The FBI has opened a civil rights inquiry into the death of Linwood Lambert, a Virginia man who died in police custody after three officers repeatedly tased him in a hospital doorway in May 2013.
The FBI investigation began in early January, when federal agents visited Lambert’s sister, Gwendolyn Smalls, after video of the tasing was first reported by MSNBC. News of the investigation first became public last week, when the Associated Press reported a federal inquiry was underway. (An FBI official also confirmed the inquiry to MSNBC, but declined to offer details.)
On the morning of January 11, 2016, Smalls says two agents came to her home and told her they were “looking at your brother’s case.” A federal review of said case presents the possibility of the first charges in the death -- the inquiry by a local prosecutor is approaching three years without any resolution.
“If they don’t find anything, I hope the FBI comes up with something,” Smalls said, adding, “It doesn’t take someone three years to come up with charges.”
Tracy Quackenbush Martin, the local prosecutor handling the case, confirmed she has been “in contact with the Department of Justice for several months. She expects a "parallel investigation," she added, focused on potential federal violations, while her inquiry “is limited to violations of state law.”
The Virginia NAACP has criticized the length of the local inquiry and called for a federal investigation into the death. Executive Director Jack Gravely said he welcomed the federal inquiry, calling it necessary given “discrepancies” between statements about the tasing made by South Boston, Virginia police officers and what is visible in video of the incident. One officer said Lambert grabbed her taser and jumped up four times during the tasing, which never occurred on the video of the incident.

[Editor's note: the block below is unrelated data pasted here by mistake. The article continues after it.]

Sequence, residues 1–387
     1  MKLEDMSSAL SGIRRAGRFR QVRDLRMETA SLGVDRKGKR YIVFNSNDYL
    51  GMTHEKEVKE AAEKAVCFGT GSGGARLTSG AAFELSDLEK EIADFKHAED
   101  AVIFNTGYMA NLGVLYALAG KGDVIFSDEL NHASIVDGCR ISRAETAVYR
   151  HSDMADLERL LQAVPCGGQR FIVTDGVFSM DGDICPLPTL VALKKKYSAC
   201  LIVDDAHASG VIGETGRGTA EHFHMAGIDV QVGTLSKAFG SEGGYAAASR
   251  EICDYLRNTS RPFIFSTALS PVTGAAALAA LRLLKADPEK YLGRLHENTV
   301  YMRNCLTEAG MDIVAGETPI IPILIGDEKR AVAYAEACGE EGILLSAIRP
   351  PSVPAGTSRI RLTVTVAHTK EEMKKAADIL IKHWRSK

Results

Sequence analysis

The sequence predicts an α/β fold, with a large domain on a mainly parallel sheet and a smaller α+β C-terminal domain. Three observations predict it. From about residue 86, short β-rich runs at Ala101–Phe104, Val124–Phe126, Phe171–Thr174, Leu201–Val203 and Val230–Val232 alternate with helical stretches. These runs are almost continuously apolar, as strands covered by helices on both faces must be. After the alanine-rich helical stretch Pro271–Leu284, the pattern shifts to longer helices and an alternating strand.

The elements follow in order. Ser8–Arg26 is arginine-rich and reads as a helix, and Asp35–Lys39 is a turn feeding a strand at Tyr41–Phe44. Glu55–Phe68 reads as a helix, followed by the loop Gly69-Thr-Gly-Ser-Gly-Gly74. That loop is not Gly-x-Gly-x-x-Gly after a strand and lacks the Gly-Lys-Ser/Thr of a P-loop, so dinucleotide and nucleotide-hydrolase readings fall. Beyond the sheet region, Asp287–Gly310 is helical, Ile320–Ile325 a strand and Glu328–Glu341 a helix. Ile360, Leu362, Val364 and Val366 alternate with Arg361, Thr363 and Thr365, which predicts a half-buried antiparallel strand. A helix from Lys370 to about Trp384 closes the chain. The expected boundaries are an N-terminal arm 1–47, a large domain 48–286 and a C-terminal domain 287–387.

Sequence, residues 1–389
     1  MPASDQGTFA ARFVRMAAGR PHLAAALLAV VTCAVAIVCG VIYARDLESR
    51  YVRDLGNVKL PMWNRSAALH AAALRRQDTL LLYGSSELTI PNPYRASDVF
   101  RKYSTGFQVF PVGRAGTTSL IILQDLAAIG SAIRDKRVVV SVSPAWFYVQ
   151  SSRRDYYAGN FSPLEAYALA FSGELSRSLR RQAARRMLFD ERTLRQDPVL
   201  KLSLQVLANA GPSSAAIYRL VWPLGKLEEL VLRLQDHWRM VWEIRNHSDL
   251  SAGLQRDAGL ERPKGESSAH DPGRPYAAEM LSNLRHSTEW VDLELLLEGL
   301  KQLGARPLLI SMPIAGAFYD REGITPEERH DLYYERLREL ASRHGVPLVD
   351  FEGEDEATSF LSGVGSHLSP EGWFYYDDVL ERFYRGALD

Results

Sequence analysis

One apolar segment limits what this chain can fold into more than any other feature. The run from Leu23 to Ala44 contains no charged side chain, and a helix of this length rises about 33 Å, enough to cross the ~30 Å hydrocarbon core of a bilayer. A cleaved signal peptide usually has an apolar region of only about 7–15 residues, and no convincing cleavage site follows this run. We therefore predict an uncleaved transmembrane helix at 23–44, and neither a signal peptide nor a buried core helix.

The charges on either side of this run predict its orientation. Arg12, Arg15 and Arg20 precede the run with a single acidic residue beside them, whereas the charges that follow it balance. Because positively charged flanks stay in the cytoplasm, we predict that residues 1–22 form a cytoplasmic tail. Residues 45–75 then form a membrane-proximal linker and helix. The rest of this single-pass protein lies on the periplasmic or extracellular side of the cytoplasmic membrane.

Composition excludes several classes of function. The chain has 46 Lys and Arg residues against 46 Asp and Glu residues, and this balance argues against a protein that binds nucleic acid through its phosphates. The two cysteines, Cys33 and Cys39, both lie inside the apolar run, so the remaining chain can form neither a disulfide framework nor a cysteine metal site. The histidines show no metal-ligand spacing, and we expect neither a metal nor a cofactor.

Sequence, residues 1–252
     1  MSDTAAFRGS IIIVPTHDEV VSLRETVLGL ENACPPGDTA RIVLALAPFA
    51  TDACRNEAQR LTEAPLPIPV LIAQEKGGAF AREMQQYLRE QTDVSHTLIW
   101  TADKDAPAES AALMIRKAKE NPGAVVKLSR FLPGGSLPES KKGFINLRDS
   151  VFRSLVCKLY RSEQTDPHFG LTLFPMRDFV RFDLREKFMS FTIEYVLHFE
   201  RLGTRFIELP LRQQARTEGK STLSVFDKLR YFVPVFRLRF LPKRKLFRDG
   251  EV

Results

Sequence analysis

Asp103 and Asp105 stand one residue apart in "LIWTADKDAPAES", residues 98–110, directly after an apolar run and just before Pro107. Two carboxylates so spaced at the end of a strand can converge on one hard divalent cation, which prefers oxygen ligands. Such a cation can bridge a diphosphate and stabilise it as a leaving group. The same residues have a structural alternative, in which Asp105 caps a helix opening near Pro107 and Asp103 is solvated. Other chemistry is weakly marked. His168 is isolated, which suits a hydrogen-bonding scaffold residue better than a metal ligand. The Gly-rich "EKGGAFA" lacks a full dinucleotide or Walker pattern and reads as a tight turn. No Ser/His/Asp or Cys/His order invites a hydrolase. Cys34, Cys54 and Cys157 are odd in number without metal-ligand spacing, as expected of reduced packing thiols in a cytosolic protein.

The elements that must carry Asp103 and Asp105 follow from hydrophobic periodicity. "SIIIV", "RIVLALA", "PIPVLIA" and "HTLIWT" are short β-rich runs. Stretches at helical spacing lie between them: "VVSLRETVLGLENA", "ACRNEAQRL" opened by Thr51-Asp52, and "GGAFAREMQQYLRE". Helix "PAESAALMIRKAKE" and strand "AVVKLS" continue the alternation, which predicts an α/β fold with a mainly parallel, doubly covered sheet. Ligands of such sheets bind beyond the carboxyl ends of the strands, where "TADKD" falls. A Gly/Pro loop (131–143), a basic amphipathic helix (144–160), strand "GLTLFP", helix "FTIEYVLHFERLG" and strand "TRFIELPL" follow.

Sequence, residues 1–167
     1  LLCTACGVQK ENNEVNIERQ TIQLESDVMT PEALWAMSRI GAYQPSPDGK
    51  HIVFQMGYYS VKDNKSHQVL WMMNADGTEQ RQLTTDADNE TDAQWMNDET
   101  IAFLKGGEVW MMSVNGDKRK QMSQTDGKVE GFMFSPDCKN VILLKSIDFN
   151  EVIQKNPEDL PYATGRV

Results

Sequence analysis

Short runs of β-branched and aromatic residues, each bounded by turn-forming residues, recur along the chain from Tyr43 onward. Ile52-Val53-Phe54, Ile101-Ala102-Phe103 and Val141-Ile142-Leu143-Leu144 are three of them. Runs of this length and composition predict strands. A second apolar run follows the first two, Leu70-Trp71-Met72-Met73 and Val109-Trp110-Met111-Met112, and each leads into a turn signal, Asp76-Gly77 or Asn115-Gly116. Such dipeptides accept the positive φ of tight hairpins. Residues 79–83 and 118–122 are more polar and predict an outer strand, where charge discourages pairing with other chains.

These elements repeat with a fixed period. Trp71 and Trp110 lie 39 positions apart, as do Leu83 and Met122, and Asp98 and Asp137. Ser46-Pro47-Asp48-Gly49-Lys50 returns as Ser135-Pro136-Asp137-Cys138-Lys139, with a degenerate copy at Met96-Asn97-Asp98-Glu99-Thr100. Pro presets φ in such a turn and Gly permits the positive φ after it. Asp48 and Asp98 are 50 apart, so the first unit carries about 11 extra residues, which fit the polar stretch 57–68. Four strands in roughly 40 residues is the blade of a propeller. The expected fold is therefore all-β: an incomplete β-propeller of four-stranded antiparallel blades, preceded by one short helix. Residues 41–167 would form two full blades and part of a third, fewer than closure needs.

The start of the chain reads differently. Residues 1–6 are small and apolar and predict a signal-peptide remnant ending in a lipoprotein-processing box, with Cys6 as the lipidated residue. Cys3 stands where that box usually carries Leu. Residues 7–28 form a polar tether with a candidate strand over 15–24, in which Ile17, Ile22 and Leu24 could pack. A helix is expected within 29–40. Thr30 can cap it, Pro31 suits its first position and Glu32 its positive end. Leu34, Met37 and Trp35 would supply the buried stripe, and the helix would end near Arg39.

“Why does it take three years to investigate the death of one man in your jurisdiction – and you have a video of it?” Gravely asked. “Either you are incompetent, or you are hiding something, or a combination of both."
Martin responded in a new statement to MSNBC, saying she understood the “urgency” many feel about the investigation, and a “desire to know the course and substance” of the inquiry, but she cannot discuss its details until it is complete.
“Mr. Gravely implies that I am withholding a final report from the public,” she said. “Nothing can be further from the truth.”
“The death of any individual merits the highest level of consideration, and that is what I have given this case,” she continued.
Citing the state police investigation, Martin added that she “chose not to make a final determination” on charges based on the state police investigation, which she noted the NAACP called it into question, and instead “sought to expand the investigation to other sources of information.”
“Demanding both speed and thoroughness is simply not realistic in this case,” Martin explained. “I have chosen to give greater weight to thoroughness over expediency in this weighty matter.”
The state police investigation included conflicting reports about the incident, and internal files from that “suspicious death” report, first published by MSNBC, indicate one investigator cast Martin’s approach as “indecisive.”
The slow pace of the local investigation has also drawn concern from Virginia’s top elected officials, including the governor and both senators.
Lambert’s death raised a range of legal questions because he was taken into custody for medical care – not as a suspect – and was tased repeatedly while shackled in the doorway of the ER, and then again while shackled in the back of a police car. Police rules and federal guidelines bar taser use on a restrained subject. Police never took Lambert into the hospital for the medical care they originally offered. After he broke their squad car window, they tased him repeatedly at the hospital and drove him to jail, where he died.
Several law enforcement and legal experts determined that the three officers’ use of force – discharging 20 tasings within half an hour – was excessive.